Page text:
mh
Guest
mh

I bought my J&G rain jacket because it was made almost locally and everything else was made in China. It also has the longest pit zips of any coat I’ve ever seen. If J&G only had continued to make the XS instead of giving up because people kept buying them for their tiny children, I’d be even happier and not lost in it. Were it the right size and if it didn’t get tattooed with every bit of chain grease and brake crud in the neighborhood, it would even look good.

beth h
Guest

I love my J & G jacket, bought last winter to replace another jacket that got stolen. Best $100 I’ve spent on rainwear so far. And yes, the bright goldenrod yellow IS a little out of control, but those black chainring marks on the sleeve have become this bike commuter’s badge of honor. Simply a well-made jacket, period.

Jeff Bernards
Guest
Jeff Bernards

I’ve been trying to replace my current yellow rain pants after almost 10 years of use. Why is black my only choice? It’s raining and sometimes dark while I’m riding, black pants aren’t a color I want if I want to be seen by other road users, like cars.

C-Dawg
Guest
C-Dawg

Jeff,

You’re wish is my command: http://www.rivbike.com/products/show/musa-rain-pants/22-157

Made in the USA (“MUSA”), and not black.

justin
Guest
justin

how have i not heard of j&g until now? i will be looking into their rainwear before next season. and i will keep saving for the (locally made) North St. Panniers i have been wanting.

just because some people want low price above all else, there are still some of us who look at all the aspects of the purchase. buying locally made products has a greater net effect on my life than saving a few dollars on a jacket or bag.

Editz
Guest
Editz
BURR
Guest
BURR

unfortunately, J&G doesn’t make a rain jacket, only a wind jacket

justin
Guest
justin
BURR
Guest
BURR

whoops, I stand corrected.

although maybe it would help if they actually listed their rain jackets in the ‘jackets’ category?

Dillon
Guest
Dillon

I’ve been happy with everything I’ve gotten from.
http://www.swrvestore.com/

They don’t have any hard-shell rain gear, but I don’t wear that shit anyways.

Alex
Guest
Alex

Chris I
Burr,
Do you want to make jackets all day? Is that something that we should be striving for as economic progress? I believe that workers here have the education to do better things.
Hopefully, by providing this income to impoverished countries, we can eventually enable them to improve health and education for themselves.

Do I personally? No. Probably no one does, including the Chinese people doing it. As it turns out, fabricating things is a necessary evil. Things don’t just magically appear. It also turns out that people need to work to make money to eat in modern society, so people have to work jobs they don’t necessarily want to do.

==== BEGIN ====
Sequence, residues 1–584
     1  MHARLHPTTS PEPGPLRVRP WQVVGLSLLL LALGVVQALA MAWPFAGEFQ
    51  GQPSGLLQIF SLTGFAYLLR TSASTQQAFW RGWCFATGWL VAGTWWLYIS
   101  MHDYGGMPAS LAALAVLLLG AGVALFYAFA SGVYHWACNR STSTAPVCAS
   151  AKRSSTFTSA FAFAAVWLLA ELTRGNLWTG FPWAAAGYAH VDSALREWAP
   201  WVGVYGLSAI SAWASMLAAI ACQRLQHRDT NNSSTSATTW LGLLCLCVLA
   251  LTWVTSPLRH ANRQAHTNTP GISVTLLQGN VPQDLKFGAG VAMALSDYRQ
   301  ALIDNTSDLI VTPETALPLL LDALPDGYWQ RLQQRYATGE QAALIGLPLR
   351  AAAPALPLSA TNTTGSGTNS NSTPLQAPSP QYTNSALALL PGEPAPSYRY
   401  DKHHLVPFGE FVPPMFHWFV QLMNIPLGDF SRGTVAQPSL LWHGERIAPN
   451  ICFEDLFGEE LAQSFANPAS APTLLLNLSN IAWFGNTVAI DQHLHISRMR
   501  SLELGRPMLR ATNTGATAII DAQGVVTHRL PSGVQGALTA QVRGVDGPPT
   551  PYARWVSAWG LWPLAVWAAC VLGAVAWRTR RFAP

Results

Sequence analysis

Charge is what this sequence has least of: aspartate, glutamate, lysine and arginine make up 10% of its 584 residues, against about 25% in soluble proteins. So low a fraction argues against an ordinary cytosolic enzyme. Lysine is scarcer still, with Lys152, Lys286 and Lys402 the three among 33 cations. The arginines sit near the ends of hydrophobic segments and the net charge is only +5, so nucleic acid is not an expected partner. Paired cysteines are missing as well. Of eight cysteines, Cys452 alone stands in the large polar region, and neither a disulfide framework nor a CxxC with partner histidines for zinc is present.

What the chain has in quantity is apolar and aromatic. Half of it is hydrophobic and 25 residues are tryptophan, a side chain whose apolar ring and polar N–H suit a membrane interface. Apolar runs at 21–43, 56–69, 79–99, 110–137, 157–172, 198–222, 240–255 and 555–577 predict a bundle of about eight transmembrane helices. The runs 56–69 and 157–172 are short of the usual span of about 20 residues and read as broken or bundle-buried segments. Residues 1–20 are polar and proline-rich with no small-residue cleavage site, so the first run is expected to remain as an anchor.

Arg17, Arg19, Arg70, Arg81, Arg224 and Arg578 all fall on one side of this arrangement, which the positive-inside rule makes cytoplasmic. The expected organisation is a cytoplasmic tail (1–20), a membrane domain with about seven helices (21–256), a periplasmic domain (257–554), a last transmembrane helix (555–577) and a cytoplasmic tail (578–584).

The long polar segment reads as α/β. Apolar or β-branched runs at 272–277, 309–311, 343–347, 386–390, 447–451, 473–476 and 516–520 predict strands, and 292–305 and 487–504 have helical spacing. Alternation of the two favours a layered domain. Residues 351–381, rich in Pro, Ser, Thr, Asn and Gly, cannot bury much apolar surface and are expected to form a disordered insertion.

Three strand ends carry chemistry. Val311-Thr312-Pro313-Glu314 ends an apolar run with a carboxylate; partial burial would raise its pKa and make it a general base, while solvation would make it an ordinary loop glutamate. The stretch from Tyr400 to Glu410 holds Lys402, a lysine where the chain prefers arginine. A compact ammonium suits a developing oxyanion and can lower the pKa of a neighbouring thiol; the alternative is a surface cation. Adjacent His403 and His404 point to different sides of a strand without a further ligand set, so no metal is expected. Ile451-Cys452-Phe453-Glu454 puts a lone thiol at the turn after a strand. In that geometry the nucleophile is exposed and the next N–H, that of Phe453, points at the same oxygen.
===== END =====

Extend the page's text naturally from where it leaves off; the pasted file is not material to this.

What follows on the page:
Would I see this as economic progress? Yes, it would mean having more jobs located in the US, cut down greenhouse gas emissions as well as not promoting bad labor practices.

Also, not all workers in the US are educated enough to do better things. I just listened to a piece how European companies have had to invest in a lot of training in the US because the workers were not educated well enough – at least not for manufacturing types of jobs. I don’t buy the US exceptionalist argument and there are obviously not enough jobs for the number of educated adults in this country.

While I agree that providing jobs/incomes in impoverished countries can improve health and education in other countries, that is not necessarily our job and there are a lot of other ways to promote those things without having to resort to that. Also, if we are providing jobs in that country, we should also be promoting keeping things local in that country, not shipping it worldwide so labor can be exploited.

Chris I
Guest
Chris I

Keep in mind that every job created here supports an individual that lives a higher carbon lifestyle:
http://en.wikipedia.org/wiki/List_of_countries_by_carbon_dioxide_emissions_per_capita

18.9 tons per year for the US worker vs. 4.9 tons for the Chinese worker. How many tons of CO2 does it take to ship that workers annual output of jackets I wonder?

The CO2 problem is not as simple as it might seem.

Alex
Guest
Alex

What you said doesn’t mesh with those statistics. Those statistics are based on a per capita basis, and does not account for business CO2 use vs individual CO2 use. It combines them together and doesn’t give anywhere close to an accurate picture of what is really going on. You are skewing the point with statistics that have very little to do with the overall point. I think a more useful number would be just total CO2 output as access and consumption of energy/production of C02 is not related directly to the individual.

All that being said, businesses that support cycling directly support cutting down CO2 emissions. It is also true that not shipping things halfway around the world would cut down on emissions. That is pretty simple math.

The US is still the number 1 manufacturer in the world and that directly contributes more to C02 production than anything. Just displacing C02 production to another country does nothing to solve the problem.

You may want to look at this as well: http://en.wikipedia.org/wiki/List_of_countries_by_carbon_dioxide_emissions

Dabby
Guest
Dabby

Maybe if they would start making their coats in Portland I would buy one, but now, when people ask me what to buy jacket wise (and they do ask me) I steer them away from Shower’s Pass products.